And here’s the part that blows my mind every time I think about it. These tiny temperature variations correspond to the largest scale structures of the observable universe. A region that was a fraction of a degree warmer become a vast galaxy cluster, hundreds of millions of light-years across.
    The cosmic microwave background radiation just gives and gives, and when it comes to figuring out the topology of the universe, it has the answer we need. If the universe was curved in any way, these temperature variations would appear distorted compared to the actual size that we see these structures today.
    But they’re not. To best of its ability, ESA’s Planck space telescope, can’t detect any distortion at all. The universe is flat.,,,
    Since the universe is flat now, it must have been flat in the past, when the universe was an incredibly dense singularity. And for it to maintain this level of flatness over 13.8 billion years of expansion, in kind of amazing.
    In fact, astronomers estimate that the universe must have been flat to 1 part within 1×10^57 parts.
    Which seems like an insane coincidence.

    Thus, contrary to the presumption of atheists, far from the temperature variations in the CMBR being a product of undirected randomness, the temperature variations in the CMBR correspond to the ‘largest scale structures of the observable universe’ and these ‘largest scale structures of the observable universe’ reveal “a surprising rotational coincidence for Earth”. Moreover, we were only able to discover this correlation between the tiny temperature variation in the CMB and the largest scale structures in the universe via the ‘insane coincidence’ of the universe being fine-tuned to at least 1 in 10^57 flatness.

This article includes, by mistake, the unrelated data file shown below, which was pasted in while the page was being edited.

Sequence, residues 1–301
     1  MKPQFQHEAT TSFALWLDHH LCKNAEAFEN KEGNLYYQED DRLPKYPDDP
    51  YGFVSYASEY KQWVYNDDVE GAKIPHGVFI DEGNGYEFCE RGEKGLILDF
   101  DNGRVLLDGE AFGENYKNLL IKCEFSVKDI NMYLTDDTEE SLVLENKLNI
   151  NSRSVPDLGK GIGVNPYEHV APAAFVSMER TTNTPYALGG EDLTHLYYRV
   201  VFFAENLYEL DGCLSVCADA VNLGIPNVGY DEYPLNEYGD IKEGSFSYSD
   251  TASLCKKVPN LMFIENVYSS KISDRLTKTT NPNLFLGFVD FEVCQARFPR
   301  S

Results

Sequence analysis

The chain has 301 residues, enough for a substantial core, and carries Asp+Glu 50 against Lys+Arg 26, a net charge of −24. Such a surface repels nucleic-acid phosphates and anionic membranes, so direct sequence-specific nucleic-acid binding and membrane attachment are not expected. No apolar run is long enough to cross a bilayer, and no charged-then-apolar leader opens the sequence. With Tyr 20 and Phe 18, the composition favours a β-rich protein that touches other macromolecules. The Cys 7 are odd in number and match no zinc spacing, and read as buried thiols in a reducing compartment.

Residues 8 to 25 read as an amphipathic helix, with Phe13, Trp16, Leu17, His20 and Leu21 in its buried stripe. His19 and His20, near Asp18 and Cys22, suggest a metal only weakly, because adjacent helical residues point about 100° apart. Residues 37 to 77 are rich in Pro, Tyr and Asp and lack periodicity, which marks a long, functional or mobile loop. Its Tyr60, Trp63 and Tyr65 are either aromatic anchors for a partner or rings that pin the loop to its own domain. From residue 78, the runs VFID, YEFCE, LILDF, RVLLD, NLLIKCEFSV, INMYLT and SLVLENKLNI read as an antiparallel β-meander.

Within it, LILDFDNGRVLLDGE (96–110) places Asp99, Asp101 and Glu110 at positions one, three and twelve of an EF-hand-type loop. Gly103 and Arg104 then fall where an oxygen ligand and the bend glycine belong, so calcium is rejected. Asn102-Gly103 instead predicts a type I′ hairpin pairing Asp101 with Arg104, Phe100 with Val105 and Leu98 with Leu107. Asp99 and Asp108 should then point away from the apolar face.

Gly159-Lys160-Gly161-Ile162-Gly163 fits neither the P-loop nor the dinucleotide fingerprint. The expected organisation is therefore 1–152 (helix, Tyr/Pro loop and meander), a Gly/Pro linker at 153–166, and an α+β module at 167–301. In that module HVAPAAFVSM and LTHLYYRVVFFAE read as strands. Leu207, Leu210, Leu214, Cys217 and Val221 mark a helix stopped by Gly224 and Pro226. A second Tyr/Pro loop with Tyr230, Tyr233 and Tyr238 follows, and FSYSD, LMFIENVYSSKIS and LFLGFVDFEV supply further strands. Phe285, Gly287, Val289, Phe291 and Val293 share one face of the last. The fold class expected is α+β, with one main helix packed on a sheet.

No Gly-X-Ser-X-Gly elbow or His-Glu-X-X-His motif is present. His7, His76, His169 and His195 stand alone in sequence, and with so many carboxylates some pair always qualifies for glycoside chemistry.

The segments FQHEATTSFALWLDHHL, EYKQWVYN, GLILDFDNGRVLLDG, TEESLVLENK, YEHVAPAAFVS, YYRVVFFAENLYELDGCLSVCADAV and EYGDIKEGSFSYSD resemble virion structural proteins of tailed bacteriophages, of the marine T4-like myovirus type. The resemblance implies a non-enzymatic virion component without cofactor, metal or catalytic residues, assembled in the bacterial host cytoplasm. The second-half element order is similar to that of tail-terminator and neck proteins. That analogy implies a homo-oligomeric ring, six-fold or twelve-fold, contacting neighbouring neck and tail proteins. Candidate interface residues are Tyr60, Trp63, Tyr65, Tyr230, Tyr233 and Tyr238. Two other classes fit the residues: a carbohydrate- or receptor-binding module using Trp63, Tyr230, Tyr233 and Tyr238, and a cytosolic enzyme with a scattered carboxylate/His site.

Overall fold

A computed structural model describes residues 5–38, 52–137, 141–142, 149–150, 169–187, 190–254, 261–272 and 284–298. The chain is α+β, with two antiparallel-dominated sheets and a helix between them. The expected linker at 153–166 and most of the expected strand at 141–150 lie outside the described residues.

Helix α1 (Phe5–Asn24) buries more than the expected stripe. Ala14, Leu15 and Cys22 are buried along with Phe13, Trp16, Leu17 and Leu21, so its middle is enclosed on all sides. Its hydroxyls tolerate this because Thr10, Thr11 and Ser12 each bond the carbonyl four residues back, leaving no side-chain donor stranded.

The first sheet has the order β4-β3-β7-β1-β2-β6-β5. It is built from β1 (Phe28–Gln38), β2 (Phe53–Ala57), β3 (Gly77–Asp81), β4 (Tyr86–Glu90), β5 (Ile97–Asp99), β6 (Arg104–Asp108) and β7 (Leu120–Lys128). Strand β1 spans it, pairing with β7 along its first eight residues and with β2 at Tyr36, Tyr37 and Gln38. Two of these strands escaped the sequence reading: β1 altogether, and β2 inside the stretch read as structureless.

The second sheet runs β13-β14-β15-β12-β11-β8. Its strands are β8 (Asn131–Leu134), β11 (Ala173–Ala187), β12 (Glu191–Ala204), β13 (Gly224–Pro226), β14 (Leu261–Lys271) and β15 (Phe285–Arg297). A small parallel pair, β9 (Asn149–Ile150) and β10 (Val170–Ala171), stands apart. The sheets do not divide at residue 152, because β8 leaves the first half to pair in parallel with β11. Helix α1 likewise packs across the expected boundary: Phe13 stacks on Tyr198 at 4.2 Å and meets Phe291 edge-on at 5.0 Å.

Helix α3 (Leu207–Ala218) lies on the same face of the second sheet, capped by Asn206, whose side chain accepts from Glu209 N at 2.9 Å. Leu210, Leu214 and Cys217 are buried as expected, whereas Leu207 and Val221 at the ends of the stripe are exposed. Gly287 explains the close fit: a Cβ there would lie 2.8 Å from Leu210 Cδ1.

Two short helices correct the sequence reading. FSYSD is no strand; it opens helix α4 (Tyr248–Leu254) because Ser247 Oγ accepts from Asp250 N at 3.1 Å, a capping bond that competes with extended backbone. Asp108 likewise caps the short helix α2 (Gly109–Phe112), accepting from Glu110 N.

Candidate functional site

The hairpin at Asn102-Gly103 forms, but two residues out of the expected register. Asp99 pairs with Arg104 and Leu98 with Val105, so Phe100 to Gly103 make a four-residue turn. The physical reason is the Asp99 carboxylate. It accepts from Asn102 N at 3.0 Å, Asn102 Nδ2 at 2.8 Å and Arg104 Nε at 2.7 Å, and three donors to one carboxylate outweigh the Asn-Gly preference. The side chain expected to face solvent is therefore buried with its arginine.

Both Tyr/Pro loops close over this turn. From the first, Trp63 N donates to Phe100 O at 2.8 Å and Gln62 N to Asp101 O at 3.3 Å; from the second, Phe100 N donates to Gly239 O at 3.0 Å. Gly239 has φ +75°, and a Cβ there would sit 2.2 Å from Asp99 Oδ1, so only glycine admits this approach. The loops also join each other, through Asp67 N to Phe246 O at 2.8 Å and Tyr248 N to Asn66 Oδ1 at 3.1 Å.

In other words, the “tiny temperature variations” in the CMBR, to the largest scale structures in the universe itself, reveal teleology, (i.e. a goal directed purpose, a plan, a reason), that specifically included the earth from the very start of the universe. ,,, The earth, and our solar system, from what our best science can now tell us, is not some random cosmic fluke as atheists had presupposed.

    And as much as it may irk atheists to find this out, the Bible specifically predicted that the earth was purposely intended from the beginning of creation.

    Genesis 1:1-2
    In the beginning God created the heavens and the earth. Now the earth was formless and empty, darkness was over the surface of the deep, and the Spirit of God was hovering over the waters.